Read an Excerpt
This Book is Designed for You . . .
If you have a basic proficiency in Microsoft Office XP or are just beginning to learn Office and would like to begin creating Web pages.
Until now, publishing Web pages has been a fairly technical undertaking, which typically could only be handled by HTML gurus, Webmasters, or system administrators. The Web publishing features of Office XP change all that. This book shows you how to use basic skills in applications such as Word, PowerPoint, Excel, and Access to create and publish lively and attractive Web pages.
You will learn how to:
- Save any type of Office XP document as a Web page ready to post on the World Wide Web.
- Add hyperlinks to any type of Office XP document.
- Create professional-quality Web pages using Office XP templates and wizards.
- Jazz up Web pages with backgrounds, borders, and graphics.
- Add animation and multimedia effects such as scrolling text, video clips, and sound clips to your Web pages.
This book assumes that you have some general knowledge and experience with computers, and that you already know how to perform the following tasks:
- Use a mouse (double-click, etc.).
- Make your way around Microsoft applications (copy, paste, print, etc.).
- Install and run programs.
Microsoft® Office XP Professional includes Word, Excel, Access, PowerPoint®, Outlook, and several other programs, such as Microsoft Internet Explorer. Each of the applications and utilities included in the package can be used separately or the applications can be usedtogether to produce professional-looking documents.
- If you are using the standard Microsoft Office XP suite package, Access and some bonus applications will not be included. Bonus applications are not covered in this book.
The following software applications will be covered in Learning to Create a Web Page with Office XP:
- Word 2002, a word processing program, used for creating and editing documents.
- PowerPoint 2002, a presentation graphics program, used for creating visual presentations.
- Excel 2002, a spreadsheet program, used for analyses and graphing of numerical data.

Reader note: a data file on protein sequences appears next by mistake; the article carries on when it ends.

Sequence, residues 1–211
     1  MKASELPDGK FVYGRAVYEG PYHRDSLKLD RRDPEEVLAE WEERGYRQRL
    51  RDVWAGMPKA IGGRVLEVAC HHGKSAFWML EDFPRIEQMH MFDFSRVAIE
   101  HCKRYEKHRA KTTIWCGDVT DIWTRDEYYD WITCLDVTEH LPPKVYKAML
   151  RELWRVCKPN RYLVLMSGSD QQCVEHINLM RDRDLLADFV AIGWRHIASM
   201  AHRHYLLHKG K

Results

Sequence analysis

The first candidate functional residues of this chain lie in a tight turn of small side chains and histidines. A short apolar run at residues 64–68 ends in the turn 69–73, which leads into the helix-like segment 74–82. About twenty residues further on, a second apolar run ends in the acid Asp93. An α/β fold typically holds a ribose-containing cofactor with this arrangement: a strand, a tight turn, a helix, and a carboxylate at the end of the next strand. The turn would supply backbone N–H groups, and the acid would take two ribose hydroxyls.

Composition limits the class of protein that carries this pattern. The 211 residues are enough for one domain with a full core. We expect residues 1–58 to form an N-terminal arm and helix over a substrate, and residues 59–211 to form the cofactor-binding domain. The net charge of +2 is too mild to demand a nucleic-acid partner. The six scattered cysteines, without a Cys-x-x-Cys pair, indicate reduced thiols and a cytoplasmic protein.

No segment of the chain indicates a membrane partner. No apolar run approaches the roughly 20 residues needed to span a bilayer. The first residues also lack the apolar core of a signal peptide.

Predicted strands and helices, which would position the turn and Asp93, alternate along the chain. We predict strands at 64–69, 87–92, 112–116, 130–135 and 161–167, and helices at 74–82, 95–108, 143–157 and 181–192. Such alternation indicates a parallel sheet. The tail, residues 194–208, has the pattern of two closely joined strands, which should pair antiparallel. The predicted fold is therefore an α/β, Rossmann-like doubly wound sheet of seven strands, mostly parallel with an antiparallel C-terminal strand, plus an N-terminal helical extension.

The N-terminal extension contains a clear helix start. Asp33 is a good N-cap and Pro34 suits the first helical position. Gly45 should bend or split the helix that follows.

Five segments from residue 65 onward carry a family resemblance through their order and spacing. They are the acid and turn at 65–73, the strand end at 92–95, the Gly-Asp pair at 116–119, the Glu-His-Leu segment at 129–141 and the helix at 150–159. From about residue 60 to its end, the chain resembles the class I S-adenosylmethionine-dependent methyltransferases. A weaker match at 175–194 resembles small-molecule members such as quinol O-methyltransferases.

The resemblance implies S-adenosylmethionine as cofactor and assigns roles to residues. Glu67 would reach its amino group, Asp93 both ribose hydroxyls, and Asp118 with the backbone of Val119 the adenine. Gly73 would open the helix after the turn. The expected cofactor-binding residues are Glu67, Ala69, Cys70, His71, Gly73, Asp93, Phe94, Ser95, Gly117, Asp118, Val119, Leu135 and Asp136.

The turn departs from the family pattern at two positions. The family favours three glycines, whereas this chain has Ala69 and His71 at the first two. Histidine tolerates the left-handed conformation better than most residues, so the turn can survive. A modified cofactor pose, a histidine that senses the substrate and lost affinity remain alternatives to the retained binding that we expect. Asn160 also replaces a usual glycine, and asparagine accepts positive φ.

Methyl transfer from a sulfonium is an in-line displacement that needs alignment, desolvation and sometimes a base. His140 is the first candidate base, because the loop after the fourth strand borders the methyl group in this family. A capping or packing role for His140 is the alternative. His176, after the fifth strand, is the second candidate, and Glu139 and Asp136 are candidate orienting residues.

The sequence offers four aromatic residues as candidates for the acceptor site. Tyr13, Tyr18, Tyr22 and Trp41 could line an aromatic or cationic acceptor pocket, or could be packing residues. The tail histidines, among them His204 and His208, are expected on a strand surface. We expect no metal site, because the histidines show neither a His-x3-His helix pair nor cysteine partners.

- Access 2002, a database program, used for organizing and sorting information.
The information created in one application can be shared with other applications. For instance, a worksheet created in Excel, or a database created in Access, can easily be incorporated into a document that is created in Word. Data created in Word, Excel, or Access can be incorporated into PowerPoint. What Do I Need to Use This Book. . .
This book assumes that you have Microsoft Office XP Professional installed on your computer system and access to browser applications such as Microsoft Internet Explorer or Netscape Navigator. (If you do not currently have one of these applications, contact your Internet Service Provider for instructions on how to download them.)
- Because Office XP is a Microsoft application, some Web page features and effects created using Office work better when viewed in the Internet Explorer browser. Explorer is the recommended browser for completing the exercises in this book, though other browsers will work for completing and viewing all but a few of the exercise steps.
Though you do not have to be connected to the Internet to use this book, an Internet connection is recommended, either through your school, your office, or an online service such as America Online or MSN. This book does not cover how to connect to the Internet.
Please read over the following list of "must haves" to ensure that you are ready to be connected to the Internet.
- A computer (with a recommended minimum of 16 MB of RAM) and a modem port.
- A modem (with a recommended minimum speed of 14.4kbps, and suggested speed of 28.8kbps) that is connected to an analog phone line (assuming you are not using a direct Internet connection through a school, corporation, etc.).
- Established access to the Internet through an online service, independent Internet service provider, etc.
- A great deal of patience. The Internet is a fun and exciting place. But getting connected can be frustrating at times. Expect to run into occasional glitches, to get disconnected from time to time, and to experience occasional difficulty in viewing certain Web pages or features. The more up-to-date your equipment and software are, however, the less difficulty you will probably experience.
Before you start Exercise 1, read the brief Lesson 1 introduction. It will give you some basic concepts and terminology that will make understanding Web pages easier. Lessons 14
The exercises in each lesson contain two parts:
Notes: Explain and illustrate Office and Web page concepts and tools being introduced.
The right column on each page frequently contains hints, notes, cautions, and definitions.
- Cautions and warnings that alert you to potential pitfalls
- Hints and additional notes on an Office XP feature and on how to make creating Web pages easier and more interesting
- Definitions of Office and Web page terminology
Exercise Directions: Explain and illustrate how to complete the exercise. Exercises will make use of data files.
- Mouse actions are only provided when a new concept is being introduced. Therefore, if you forget the keystroke or mouse action required to perform a task, you can use either the Help feature (press F1 key) or the index of this book to find the procedure.
Following the last lesson, an additional exercise is provided that gives you a chance to create your own Web site using many of the features presented in the Web page exercises. Appendices
Publish Your Web Pages: An overview of the process used to load Web pages on a server for access via the World Wide Web.
Troubleshooting: Help for common pitfalls you may encounter.
Modifying Office XP Web Pages in FrontPage: Additional modifications you can make to Office XP Web pages in Microsoft FrontPage.